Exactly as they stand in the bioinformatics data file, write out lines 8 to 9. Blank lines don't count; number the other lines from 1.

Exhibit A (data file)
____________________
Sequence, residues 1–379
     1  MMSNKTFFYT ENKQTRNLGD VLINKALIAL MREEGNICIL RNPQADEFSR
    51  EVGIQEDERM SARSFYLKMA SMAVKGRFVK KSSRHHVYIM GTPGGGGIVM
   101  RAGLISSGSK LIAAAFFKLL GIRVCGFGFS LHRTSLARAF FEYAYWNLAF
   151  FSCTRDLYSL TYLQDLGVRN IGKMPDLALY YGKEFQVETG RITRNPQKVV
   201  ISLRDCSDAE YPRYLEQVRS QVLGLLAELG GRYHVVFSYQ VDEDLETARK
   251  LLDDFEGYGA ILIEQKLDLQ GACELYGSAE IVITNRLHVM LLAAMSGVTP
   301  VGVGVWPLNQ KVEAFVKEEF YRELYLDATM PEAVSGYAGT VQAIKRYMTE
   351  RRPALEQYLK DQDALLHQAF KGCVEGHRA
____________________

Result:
   301  VGVGVWPLNQ KVEAFVKEEF YRELYLDATM PEAVSGYAGT VQAIKRYMTE
   351  RRPALEQYLK DQDALLHQAF KGCVEGHRA